The spigot is not a contact feature, it is for alignment. It assures concentricity, which neither the thread nor the shoulder do.

It also acts as a safeguard, a secondary alignment feature, in case the mod. comes loose.

The spigot also extends the distance between the thread, and the shoulder. The longer this distance the more precise the alignment. By tightly tolerancing the spigot and its alignment with the shoulder the precision of the thread becomes less important, indeed a looser thread is desirable.

A similar result might be achieved with a very long threaded portion, but this would be impractical and have a great risk of jamming, and not allow the slight float necessary for the mating with the shoulder.

Those who don't offer it perhaps are not capable of working to the necessary tolerances, or use unsuitable materials for the thread, e.g. aluminium alloy.

The rear bush on a reflex design is not an alignment feature, it is there for safety, in case the mod. comes loose, or is knocked. It should ideally have a slight clearance with the barrel to ensure it doesn't touch and alter barrel harmonics, hence it does nothing for alignment just safety.

It is an antiquated design feature, introduced with the original BR Tuote design e.g. T8, which was designed for military applications, automatic fire, cost effective loosely toleranced mass production (welded together from inexpensive materials). On e.g. the T8 the bit where the thread is attached is rather flimsy, attached only by a welded three-legged spider of thin sheet metal. The bush serves to protect this weak feature from being bent by a modest knock.

Ase Utra pointedly eliminated it in their Northstar reflex design, which they designed primarily for the UK market where they were missing out because of our peculiar obsession with reflex designs.

The large expansion chamber of the reflex mod. is important when designing for sustained rapid or automatic fire where large internal volume is important. For our purposes it is an unnecessary weighty irrelevance that merely serves to cook the barrel.

It continues to be incorporated by "designers" who either do not understand the basics, or continue to provide it cynically because that is what the market demands.

Now back to the point,

Here is a useful table of recommended thread sizes and lengths for non-spigotted barrels, depending on barrel diameter, to ensure a decent shoulder.

Maintenance
 
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Sharpie

Well-Known Member
PS: I should say that Peter Jackson's explanation in the link is slightly confused IMHO.

Perhaps the BR Tuote design is sufficiently imprecise and weak that the rear bush serves a necessary alignment purpose, but that conflicts with every other advice, where the rear bush is supposed to have a (small) clearance with the barrel.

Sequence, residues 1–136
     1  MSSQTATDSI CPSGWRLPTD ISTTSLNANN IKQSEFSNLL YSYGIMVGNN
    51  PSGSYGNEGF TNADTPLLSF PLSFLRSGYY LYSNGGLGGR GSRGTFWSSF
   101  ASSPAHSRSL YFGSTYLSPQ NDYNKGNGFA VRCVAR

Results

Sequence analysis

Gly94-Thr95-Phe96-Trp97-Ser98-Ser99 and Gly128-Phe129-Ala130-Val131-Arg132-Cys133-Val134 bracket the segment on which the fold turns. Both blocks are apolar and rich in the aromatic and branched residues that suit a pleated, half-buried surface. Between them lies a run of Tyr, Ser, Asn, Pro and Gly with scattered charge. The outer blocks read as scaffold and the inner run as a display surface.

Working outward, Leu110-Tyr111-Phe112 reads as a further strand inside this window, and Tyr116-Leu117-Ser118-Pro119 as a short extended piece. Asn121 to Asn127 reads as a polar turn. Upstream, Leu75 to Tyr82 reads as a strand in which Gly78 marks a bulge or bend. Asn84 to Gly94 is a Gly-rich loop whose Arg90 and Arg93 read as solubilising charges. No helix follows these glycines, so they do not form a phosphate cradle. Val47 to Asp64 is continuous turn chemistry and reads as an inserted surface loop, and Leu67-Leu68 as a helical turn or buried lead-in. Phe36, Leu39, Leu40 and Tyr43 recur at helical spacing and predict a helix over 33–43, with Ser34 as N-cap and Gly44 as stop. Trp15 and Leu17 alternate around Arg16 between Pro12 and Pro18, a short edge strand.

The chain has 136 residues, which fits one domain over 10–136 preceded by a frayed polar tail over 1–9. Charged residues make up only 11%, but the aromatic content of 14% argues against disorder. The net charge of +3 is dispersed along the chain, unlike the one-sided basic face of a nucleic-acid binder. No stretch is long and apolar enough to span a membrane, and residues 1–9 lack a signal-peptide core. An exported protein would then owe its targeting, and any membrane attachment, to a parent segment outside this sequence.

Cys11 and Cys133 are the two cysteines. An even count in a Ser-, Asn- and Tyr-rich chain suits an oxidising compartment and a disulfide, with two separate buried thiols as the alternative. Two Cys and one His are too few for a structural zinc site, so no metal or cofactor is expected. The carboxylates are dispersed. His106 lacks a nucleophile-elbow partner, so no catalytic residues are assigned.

In Jackson's explanation the purpose of the spigot is not properly understood, and if fitted as described it will not be fully exploited.

IMHO.
 

Look deer

Well-Known Member
Thanks for all the guidance

So- just to be clear- if I'm buying a moderator I need to specify that it is for a spigotted barrel?
 

Sharpie

Well-Known Member
Thanks for all the guidance

So- just to be clear- if I'm buying a moderator I need to specify that it is for a spigotted barrel?

Yes absolutely. Whilst you could screw a none-spigotted mod onto a spigotted barrel it wouldn't be properly supported, and the moderator thread would be damaged, even jammed. There is a way of making it work (a sleeve over the spigot to bring the shoulder forward), but its not ideal.

A mod. designed for a spigot will not fit onto an ordinary barrel thread at-all.

If you want to follow this route, is best to:

Choose your preferred moderator.

Contact the manufacturer to confirm that they can supply it threaded for spigot

Obtain an installation drawing from the manufacturer and ask your 'smith if he is happy to thread and spigot the barrel according to the detailed drawing. He may have a reason why the choice is unsuitable, e.g. fluted barrel, not enough meat etc.

If you are having the barrel shortened too, be very cautious. Many barrels are not straight internally. Though the bore is concentric at muzzle and breech (barrel profiled between centres) when its cut down you may discover the muzzle is no longer concentric, sometimes badly so. This can be a big problem.

Only then buy the mod. and get the barrel cut.

The disadvantage of the spigot is that your choice of moderator manufacturers, and secondhand moderators etc. will be more limited than if choosing a more standard thread.

Those that do offer a spigotted fitting often have interchangeable threaded sections, meaning if you ever change rifle for one with a different thread, you would only have to change this bit. Much cheaper than buying a new. mod. Worth considering.